For a few weeks in the spring of 2006, the world paid attention to Nepal, when a coalition of nominally democratic political parties and Maoist rebels united to overthrow King Gyanendra. Then, as talks between the parties and the rebels dragged on, Nepal faded back into its accustomed obscurity.
Gyanendra had seized absolute power in 2005, claiming that the elected government had been unable to deal with the Maoists’ decade-long insurgency. With a long history of power-hungry aristocrats, the Nepalese have reason to worry that the king may yet attempt a comeback. But the rebels, who are consolidating their control over the country, present an even more serious threat to the future of democracy. Able negotiators, the Maoists have backed the political parties into a corner, forcing them to choose between allowing an armed force to enter a government and quickly dominate it or refusing a coalition and taking the blame for the collapse of a peace process. The last general election took place seven years ago and the legitimacy of the democratic party leaders is dubious. Nepal may soon join a very short list of countries – China under Mao Zedong himself, Albania under Enver Hoxha, Cambodia under Pol Pot – that have experienced the dubious benefits of a Maoist regime. How it got to this point is a long story.
Half of Nepal’s 28 million people live on hills and mountains, often accessible only after days of walking. The villages that dot its cliffs are as remote as islands in the middle of a huge and hostile ocean. In such terrain, the Maoists had little difficulty over the last decade in evading the Nepali army. A Chinese military man once told me, “A vertical metre is as hard to occupy and defend as a full kilometre of open plain.” In area Nepal is roughly the size of the three Maritime provinces. Bearing in mind that eight of the world’s ten highest mountains (including Everest at 8,860 metres) are within its borders, and multiplying by 1,000 as suggested by my Chinese observer, this quintessential mountain kingdom is a very big country to defend against guerrilla activity.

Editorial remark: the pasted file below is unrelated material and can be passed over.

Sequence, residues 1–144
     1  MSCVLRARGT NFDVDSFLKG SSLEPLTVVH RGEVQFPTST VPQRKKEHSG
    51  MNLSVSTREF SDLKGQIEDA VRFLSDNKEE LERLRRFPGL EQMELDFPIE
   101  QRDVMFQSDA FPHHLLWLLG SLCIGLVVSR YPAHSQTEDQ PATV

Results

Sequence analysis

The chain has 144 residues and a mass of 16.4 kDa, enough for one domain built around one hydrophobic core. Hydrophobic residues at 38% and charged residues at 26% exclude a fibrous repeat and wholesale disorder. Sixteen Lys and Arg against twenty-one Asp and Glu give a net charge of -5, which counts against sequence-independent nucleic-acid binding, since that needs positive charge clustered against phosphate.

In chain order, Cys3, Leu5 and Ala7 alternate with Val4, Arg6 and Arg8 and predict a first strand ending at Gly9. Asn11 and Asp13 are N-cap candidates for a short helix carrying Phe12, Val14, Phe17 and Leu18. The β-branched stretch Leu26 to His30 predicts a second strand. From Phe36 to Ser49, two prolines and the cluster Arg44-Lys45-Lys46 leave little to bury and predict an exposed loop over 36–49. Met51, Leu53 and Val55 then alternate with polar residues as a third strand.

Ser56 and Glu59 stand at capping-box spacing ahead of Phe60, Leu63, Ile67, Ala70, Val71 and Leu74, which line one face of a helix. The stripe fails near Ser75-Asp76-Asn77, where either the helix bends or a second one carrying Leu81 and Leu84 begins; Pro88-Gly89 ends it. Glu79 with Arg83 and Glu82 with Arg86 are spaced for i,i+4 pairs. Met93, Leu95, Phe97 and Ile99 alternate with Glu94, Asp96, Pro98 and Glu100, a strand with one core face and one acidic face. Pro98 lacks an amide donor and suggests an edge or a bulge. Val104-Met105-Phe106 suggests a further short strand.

Nepal’s northern border is defined by the Tibetan Plateau; its southern frontier has shifted with the political tides. It generates the bulk of its agricultural and industrial wealth from the Terai, the flatlands that occupy the southernmost one sixth of the country adjacent to India. In addition to the Terai, the Kathmandu and Pokhara valleys, protected from the heat and diseases of the plains by a range of mountains and sheltered from the worst of the Himalayan winter, are regions of relative prosperity.
At the end of World War II, Nepal was ruled, as it had been for a century, by the Ranas, a prominent Nepali family that had seized control from the king and established a government of hereditary prime ministers. Monarchs, reduced to virtual house arrest, continued as heads of state but without real power. The Ranas imported European fashions and inventions, but ideas such as national liberation, liberalism and modernity failed to make it across the mountains. A further consequence of Nepal’s geography was its fragmented demographics. Dozens of ethnic groups and languages, further divided by a caste system, rendered nearly impossible the rise of effective popular leaders able to pose an alternative to the Ranas. Peasant rebellions were quickly and ruthlessly suppressed; often the Ranas allowed hunger to do to the work of soldiers as rebellious villages were starved into submission.
Still, Nepal did not entirely escape the upheavals marking the end of European empire in the mid-20th century. Newly independent India, unhappy at the anachronism perched on its border, supported Nepali dissidents gathered under the banner of the Nepali Congress (NC) Party, modelled on the Indian National Congress. A guerrilla war launched in 1950 led to a New Delhi–negotiated ceasefire one year later that restored the monarchy and established a multiparty democracy.